advertisement
advertisement

Xiaomi solves one of the smartphone’s last great design problems

Say bye-bye to your front camera. You won’t miss it.

Xiaomi solves one of the smartphone’s last great design problems
[Image: Xiaomi]
advertisement
advertisement

Who can forget the controversy of The Notch. As smartphone companies stretched screen sizes to their theoretical maximums, they realized components like the front-facing selfie camera were getting in the way. Manufacturers wanted to shrink what are known as bezels, those picture frames around the screen. But cameras necessitated bezels! Design was at an impasse.

advertisement
advertisement

So, around 2017, the startup Essential introduced the notch, which sliced a controversial black chunk into the screen. Apple jumped on board with the iPhone X, and critics freaked out (the phone never sold that well either). One app developer even designed software to erase the notch. In the three years since, the notch has evolved into more of a hole punch. (Ignore the pop-up camera and sliding phone designs that companies tried along the way—some creatures try to evolve but just go extinct instead.) Phones like the upcoming Pixel 5 or the Samsung Galaxy S10 feature a tiny, perfectly round lens in the corner. But even that lens is still a break in the otherwise seamless screen—a glaringly imperfect design solution, however small.

Now, the Chinese tech giant Xiaomi—which controls about 10% of the global smartphone market share—has teased a once-and-for-all solution to the selfie camera. It’s a camera that lives under the screen and photographs in the microscopic gaps between the screen’s pixels. To make this possible, Xiaomi shrunk the actual pixel size on its display (as opposed to decreasing the amount of pixels and shrinking the resolution), but only on the one small block of its screen above the camera sensor.

[Image: Xiaomi]

Can you notice it? Yes, a little. Even just seeing it on YouTube, you can make out a slight difference in brightness in one tiny part of the screen (it’s dimmer). But it also seems like the sort of imperfection where, if you weren’t actively looking for it, you might not see it at all.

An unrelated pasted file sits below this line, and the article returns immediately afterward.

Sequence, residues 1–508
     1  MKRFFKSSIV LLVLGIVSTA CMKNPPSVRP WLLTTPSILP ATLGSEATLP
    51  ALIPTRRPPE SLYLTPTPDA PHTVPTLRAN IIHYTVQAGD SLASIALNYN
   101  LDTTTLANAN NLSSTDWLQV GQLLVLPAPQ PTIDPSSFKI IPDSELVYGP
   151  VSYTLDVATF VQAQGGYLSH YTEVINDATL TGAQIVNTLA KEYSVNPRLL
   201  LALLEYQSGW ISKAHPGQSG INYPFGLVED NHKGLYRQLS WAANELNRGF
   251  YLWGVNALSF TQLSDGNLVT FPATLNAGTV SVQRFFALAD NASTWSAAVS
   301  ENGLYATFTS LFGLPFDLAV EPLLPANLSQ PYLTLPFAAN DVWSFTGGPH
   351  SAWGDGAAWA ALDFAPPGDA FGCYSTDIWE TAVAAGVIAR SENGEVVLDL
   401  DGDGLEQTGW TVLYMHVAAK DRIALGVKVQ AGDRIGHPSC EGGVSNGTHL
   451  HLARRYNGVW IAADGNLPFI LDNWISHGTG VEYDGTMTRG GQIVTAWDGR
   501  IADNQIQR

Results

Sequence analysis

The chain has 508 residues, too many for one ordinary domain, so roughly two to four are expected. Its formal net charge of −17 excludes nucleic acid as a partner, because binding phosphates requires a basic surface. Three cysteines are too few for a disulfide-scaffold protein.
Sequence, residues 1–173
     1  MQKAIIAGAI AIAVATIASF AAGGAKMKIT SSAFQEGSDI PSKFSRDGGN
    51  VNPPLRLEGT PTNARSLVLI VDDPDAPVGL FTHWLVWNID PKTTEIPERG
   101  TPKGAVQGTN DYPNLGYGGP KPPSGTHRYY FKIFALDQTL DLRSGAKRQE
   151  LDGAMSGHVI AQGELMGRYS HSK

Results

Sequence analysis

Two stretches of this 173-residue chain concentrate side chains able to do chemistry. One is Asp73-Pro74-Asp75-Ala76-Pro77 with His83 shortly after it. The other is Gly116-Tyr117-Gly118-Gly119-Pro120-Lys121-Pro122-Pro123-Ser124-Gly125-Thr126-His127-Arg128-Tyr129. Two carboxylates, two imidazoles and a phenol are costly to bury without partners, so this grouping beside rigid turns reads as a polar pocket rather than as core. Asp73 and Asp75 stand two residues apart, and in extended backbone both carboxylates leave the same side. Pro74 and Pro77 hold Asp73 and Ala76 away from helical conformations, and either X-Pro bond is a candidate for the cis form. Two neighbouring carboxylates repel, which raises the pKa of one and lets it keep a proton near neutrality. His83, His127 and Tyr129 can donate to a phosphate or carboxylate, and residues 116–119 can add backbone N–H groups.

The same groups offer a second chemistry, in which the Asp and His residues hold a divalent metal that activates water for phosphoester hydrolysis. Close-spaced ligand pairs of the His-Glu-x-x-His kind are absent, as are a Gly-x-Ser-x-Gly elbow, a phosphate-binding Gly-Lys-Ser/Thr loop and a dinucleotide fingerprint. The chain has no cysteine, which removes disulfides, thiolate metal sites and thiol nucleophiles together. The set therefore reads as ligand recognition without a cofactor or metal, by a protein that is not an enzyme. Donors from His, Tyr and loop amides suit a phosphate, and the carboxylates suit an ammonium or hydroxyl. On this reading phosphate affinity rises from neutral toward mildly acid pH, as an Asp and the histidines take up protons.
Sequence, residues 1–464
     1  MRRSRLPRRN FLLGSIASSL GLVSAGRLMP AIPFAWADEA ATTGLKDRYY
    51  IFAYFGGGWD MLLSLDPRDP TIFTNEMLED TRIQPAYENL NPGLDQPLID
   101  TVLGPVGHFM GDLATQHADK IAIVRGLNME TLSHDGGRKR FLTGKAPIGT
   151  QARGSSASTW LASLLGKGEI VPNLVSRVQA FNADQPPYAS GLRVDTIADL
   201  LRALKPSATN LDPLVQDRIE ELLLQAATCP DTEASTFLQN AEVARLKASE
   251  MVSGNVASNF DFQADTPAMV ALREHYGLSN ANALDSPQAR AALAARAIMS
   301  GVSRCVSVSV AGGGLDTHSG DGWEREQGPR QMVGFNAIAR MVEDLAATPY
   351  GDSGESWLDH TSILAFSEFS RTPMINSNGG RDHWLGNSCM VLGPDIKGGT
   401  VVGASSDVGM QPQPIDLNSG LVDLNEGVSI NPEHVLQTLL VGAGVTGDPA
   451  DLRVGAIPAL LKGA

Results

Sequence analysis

[Image: Xiaomi]
So will it offer the same image quality as Xiaomi’s normal front-facing camera? The camera is in essence shooting through the equivalent of a screen door, after all, so it can’t possibly be capturing as clear of a source image as a typical camera. However, Xiaomi claims the image quality will be equivalent to options on the market today, thanks to some algorithmic fixes to the image after it’s captured. Both Google and Apple rely on such artificial intelligence to improve their photos, so this idea is less crazy than it may sound.

[Image: Xiaomi]
Xiaomi promises that the camera will go on the market next year. And it’s easy to imagine other smartphone companies copying the approach, because the smartphone industry uses a largely shared supply chain of core components, and there’s a well-documented history of companies shamelessly duplicating each other’s features.

Longer term, this sort of technology could solve another lingering problem: the lack of true eye contact in Facetime and Zoom (a problem so dire that Apple will actually edit your pupils to fake the effect for you). With a camera placed under the middle of the screen, you could look right into someone else’s eyes, and they could look right into yours. As we recently detailed, eye contact is not just some polite social construct. It’s an essential component of communication that the human body recognizes and reacts to at its biological core.

advertisement

Xiaomi’s camera is still in the upper left corner of the screen, meaning that it’s unlikely to solve the eye contact problem in this generation. But it’s easy to imagine how the camera might appear in subsequent generations or with other manufacturers. That front camera is not going to be visible forever. And the world of communication may actually be a little bit better for it.

About the author

Mark Wilson is a senior writer at Fast Company who has written about design, technology, and culture for almost 15 years. His work has appeared at Gizmodo, Kotaku, PopMech, PopSci, Esquire, American Photo and Lucky Peach

More